EPA Proposes Chemical Safety Rule Changes
The EPA is proposing changes to its chemical safety rules that will require companies in three industries — paper manufacturing, petroleum and coal products, and chemical manufacturing — to assess whether safer technologies and chemicals are feasible.
The proposed changes to the Risk Management Program (RMP) regulations would require some facilities that use and distribute hazardous chemicals to:
- Consider safer technologies and alternatives by including the assessment of Inherently Safer Technologies and Designs in the Process Hazard Assessment;
- Conduct third-party audits and root cause analysis to identify process safety improvements for accident prevention;
- Enhance emergency planning and preparedness requirements to help ensure coordination between facilities and local communities;
- Strength emergency response planning to help ensure emergency response capabilities are available to mitigate the effect of a chemical accident;
- Improve the ability of LEPCs (Local Emergency Planning Committees) and local emergency response officials to better prepare for emergencies both individually and with one another; and
- Improve access to information to help the public understand the risks at RMP facilities.
In the last 10 years more than 1,500 accidents were reported by RMP facilities, according to the EPA. These accidents caused nearly 60 deaths, some 17,000 people being injured or seeking medical treatment, almost 500,000 people being evacuated or sheltered-in-place, and cost more than $2 billion in property damages.
While the EPA says the proposed revisions will improve chemical process safety and help local authorities respond to and plan for emergencies, some watchdog groups say the rules don’t go far enough.
“The long overdue Risk Management Plan takes an important step forward, but still lacks the teeth needed to protect communities from catastrophic disaster such as the West, Texas explosion that killed 15 people in 2013,” says Lois Gibbs, founder and training director of the Center for Health, Environment and Justice Science.
The RMP doesn’t change how the EPA evaluates chemicals, which means ammonium nitrate, the source of the 2013 explosion at the West Fertilizer Company, is still not considered hazardous, the Houston Chronicle reports. The rule also doesn’t expand the types of facilities covered by the RMP and it doesn’t force industries that are covered to change the chemicals they use.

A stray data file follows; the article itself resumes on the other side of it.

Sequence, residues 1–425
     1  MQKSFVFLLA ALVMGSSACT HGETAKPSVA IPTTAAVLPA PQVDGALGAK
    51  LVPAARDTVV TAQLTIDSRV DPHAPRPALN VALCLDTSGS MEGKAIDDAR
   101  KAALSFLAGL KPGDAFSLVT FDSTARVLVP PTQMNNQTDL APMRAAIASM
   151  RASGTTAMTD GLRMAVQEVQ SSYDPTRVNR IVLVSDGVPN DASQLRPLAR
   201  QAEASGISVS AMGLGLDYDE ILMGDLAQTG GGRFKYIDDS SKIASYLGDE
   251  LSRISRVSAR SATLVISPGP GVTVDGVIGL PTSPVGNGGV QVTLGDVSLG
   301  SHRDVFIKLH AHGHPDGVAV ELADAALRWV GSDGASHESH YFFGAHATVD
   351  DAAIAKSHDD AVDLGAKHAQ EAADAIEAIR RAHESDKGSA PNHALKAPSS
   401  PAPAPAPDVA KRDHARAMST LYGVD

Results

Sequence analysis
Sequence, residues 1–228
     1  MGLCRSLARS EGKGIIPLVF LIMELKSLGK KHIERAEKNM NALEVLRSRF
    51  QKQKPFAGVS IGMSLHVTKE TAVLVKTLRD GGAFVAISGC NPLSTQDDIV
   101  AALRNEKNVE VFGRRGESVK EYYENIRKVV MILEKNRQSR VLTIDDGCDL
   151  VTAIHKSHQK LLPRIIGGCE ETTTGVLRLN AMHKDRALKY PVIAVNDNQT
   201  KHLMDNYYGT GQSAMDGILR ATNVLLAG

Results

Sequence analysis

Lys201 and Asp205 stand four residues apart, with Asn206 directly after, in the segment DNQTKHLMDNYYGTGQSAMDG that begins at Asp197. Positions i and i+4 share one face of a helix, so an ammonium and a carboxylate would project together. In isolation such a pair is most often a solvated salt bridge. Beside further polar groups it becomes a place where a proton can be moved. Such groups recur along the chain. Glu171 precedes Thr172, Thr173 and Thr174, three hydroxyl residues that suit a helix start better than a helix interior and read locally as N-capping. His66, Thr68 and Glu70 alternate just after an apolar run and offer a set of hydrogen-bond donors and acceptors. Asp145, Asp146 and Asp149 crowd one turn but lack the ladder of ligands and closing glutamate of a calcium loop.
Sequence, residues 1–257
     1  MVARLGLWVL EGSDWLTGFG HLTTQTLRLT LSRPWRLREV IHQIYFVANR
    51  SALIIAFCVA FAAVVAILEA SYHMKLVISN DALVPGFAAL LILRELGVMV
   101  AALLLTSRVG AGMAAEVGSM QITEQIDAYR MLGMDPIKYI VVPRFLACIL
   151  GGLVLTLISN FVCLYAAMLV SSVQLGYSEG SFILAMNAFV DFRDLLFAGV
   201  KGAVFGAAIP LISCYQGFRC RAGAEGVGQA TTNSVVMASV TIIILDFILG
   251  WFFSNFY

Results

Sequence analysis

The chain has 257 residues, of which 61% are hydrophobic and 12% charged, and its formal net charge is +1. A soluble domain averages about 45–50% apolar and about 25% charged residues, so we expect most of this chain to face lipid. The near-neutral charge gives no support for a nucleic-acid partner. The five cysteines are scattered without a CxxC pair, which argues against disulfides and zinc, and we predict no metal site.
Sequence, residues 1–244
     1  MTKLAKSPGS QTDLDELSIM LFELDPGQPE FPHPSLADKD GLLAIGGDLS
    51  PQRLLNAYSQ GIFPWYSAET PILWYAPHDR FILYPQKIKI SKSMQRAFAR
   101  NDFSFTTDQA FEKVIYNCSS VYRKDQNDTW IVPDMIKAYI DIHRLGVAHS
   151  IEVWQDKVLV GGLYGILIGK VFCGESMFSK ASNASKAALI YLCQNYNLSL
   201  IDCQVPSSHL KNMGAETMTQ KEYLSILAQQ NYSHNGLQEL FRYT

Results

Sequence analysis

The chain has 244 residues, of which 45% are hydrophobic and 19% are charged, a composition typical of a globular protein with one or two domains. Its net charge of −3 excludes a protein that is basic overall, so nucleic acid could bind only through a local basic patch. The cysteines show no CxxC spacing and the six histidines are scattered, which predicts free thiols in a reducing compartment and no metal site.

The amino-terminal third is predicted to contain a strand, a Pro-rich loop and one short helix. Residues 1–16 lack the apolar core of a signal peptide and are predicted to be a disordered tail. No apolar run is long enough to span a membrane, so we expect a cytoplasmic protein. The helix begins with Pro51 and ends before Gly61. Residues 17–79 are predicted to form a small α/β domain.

“In fact, 87 percent of over 12,000 chemical facilities would be exempt from the requirements in this proposed rule,” Gibbs says. “The proposed rule fails to adopt preventive strategies such as requiring the use of inherently safer technologies and substituting less toxic or non-toxic chemicals when feasible. This is a substantial failure of the proposed rule.”
Keith Matthews, an attorney at Sidley Austin LLP and a former director in the EPA’s Office of Pesticide Programs, notes that the prevention steps are divided into three program levels: Program 1, Program 2 and Program 3.
“All facilities with Program 2 or 3 processes would be required to conduct a root cause analysis as part of an incident investigation of a catastrophic release or an incident that could reasonably be deemed to have possibly resulted in a catastrophic release (i.e., a near-miss),” he tells Environmental Leader.
“All regulated facilities with Program 2 or 3 processes would be required to contract with an independent third-party to perform a compliance audit after the facility has a reportable release — unlike under the current rules, if the proposed rule is finalized, a facility could not meet this requirement with a self-audit.
“And owners or operators of facilities with Program 3 regulated processes that are paper manufacturers, petroleum and coal products manufacturers, or chemical manufacturers would be required to conduct additional analyses as part of what is called a process hazard analysis and would be required to evaluate the feasibility of safer technology identified as a result of the process hazard analysis,” Matthews says. “These requirements have the potential to significantly add to the burden on these facilities to comply with the RMP requirements.”
Matthews says the first thing companies should to is to assess the proposal and participate in the rulemaking. After the rule is published in the Federal Register, the public has 60 days to submit written comments online at www.regulations.gov or by mail. The agency will also hold a hearing on the proposal on March 29 in Washington, DC.
“That said, owners and operators that want to be proactive and anticipate aspects of the proposed rule that very well may be included in the final rule may want to begin to assess how they might address new requirements regarding root cause analyses, independent audits, and, for those facilities for which these requirements will apply, the more stringent process hazard analysis requirements,” Matthews says.
Photo Credit: chemical warning sign
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